Sense of CommunityEdit

People, in general, are fairly social beings and it is motivating to many people to be responded to directly for their contributions. Most online communities enable this by allowing people to reply back to contributions (i.e. many Blogs allow comments from readers, you can reply back to forum posts, etc). Again, using, other users can rate whether your product review was helpful or not. Granted, there is some overlap between increasing reputation and gaining a sense of community, however, it seems safe to say that there is some overlapping areas between all four motivators.

Online Community DesignEdit

Given these findings as a base, below are some guidelines that can be of use when trying to design an online community or foster a better knowledge sharing environment in your organization:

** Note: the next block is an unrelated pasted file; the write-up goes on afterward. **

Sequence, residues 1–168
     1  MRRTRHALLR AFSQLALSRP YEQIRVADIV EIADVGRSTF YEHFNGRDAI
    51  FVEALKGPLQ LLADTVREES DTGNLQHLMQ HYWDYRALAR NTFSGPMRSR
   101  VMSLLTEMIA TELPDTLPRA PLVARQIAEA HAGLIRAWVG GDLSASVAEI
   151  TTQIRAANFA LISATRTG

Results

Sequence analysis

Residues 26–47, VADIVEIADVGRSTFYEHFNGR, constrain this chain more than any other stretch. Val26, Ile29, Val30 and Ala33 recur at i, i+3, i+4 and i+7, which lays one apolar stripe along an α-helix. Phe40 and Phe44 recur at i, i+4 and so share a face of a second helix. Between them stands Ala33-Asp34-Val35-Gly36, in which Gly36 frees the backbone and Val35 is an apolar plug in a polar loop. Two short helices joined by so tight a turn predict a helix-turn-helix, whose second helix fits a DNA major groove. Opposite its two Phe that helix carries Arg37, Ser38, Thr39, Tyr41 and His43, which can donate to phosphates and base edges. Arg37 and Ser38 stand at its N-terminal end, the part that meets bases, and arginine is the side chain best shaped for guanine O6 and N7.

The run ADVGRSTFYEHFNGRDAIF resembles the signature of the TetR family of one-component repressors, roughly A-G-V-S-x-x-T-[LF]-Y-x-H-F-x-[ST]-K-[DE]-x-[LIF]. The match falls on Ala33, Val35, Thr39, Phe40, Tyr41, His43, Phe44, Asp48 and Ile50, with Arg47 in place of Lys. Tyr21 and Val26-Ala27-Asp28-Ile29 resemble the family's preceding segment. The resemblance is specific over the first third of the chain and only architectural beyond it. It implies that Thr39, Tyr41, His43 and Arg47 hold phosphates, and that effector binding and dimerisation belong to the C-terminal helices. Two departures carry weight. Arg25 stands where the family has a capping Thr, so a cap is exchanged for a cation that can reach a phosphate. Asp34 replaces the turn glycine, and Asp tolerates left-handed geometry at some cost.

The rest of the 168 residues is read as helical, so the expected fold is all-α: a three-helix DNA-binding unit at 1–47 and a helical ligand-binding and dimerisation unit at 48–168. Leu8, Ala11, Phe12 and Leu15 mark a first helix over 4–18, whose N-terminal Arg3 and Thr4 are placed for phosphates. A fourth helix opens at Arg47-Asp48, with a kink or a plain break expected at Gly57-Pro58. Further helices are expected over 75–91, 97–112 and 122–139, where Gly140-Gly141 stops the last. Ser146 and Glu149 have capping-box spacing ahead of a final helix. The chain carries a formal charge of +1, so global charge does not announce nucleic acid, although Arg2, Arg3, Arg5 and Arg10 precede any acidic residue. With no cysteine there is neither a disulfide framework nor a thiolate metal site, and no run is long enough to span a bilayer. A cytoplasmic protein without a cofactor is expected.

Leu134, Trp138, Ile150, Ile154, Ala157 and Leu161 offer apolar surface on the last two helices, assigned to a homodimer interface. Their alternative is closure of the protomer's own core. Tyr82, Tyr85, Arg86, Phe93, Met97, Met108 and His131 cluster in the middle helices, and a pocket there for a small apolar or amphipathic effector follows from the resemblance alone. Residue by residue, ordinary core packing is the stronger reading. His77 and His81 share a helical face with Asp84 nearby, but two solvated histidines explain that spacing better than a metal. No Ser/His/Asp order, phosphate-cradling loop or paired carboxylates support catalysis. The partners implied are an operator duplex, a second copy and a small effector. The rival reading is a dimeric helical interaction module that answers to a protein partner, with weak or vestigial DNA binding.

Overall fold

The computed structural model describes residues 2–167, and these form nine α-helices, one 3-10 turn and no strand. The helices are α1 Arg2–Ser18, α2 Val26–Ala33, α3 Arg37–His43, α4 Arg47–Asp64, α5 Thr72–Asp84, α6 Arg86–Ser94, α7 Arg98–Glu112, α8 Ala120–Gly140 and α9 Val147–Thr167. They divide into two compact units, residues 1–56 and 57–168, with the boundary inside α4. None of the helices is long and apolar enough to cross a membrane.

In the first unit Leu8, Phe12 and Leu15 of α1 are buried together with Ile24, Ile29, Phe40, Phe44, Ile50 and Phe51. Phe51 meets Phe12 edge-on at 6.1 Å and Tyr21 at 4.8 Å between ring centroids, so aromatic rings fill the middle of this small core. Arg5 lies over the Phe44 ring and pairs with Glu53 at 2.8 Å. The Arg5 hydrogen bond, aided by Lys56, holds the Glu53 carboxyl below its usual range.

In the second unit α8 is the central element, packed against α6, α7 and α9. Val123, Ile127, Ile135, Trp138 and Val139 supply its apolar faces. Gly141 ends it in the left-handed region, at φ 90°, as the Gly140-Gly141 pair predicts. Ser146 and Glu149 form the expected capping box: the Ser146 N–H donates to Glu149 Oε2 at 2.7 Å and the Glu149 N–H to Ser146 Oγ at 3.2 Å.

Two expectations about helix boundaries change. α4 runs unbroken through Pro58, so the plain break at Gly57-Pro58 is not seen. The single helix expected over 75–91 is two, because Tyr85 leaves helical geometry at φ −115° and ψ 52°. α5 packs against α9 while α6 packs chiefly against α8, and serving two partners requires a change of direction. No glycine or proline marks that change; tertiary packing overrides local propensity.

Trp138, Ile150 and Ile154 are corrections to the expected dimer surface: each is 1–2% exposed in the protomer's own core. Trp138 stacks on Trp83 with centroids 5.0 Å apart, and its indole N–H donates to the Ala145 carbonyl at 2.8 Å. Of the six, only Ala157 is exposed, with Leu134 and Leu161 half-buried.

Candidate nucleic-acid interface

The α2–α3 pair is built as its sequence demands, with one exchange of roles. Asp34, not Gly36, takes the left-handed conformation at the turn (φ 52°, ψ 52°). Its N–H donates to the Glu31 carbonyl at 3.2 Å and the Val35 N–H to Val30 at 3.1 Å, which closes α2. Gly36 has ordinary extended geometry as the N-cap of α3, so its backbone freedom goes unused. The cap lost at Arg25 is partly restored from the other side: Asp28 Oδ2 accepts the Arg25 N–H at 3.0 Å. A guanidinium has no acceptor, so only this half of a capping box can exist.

Design Guideline Contributor Motivation(s)
Trust the member’s input. Make it easy to contribute to your knowledge base and make it accessible to others.Sense of Efficacy
Enable your knowledge base to evolve as processes and concepts change.Sense of Efficacy
Allow the member to be known and get credit by measuring their contributions.Build Reputation, Anticipated Reciprocity, Sense of Community
Allow other members in the community to measure and respond to contributions.Sense of Community, Build Reputations

Online Community Virtuous CycleEdit

Most online communities grow slowly at first due, in part, to the fact that many of the motivations for contributing are proportional to the size of the community. For example, what is the point of posting to a forum if you do not think anyone will read it? Because of this reason and the fact that organizational culture does not change overnight, you can expect slow progress at first. On the flip side, as more people begin to participate, the before mentioned motivations will increase creating a virtuous cycle where the more participation begets more participation. Many online community members describe their participation as "addictive".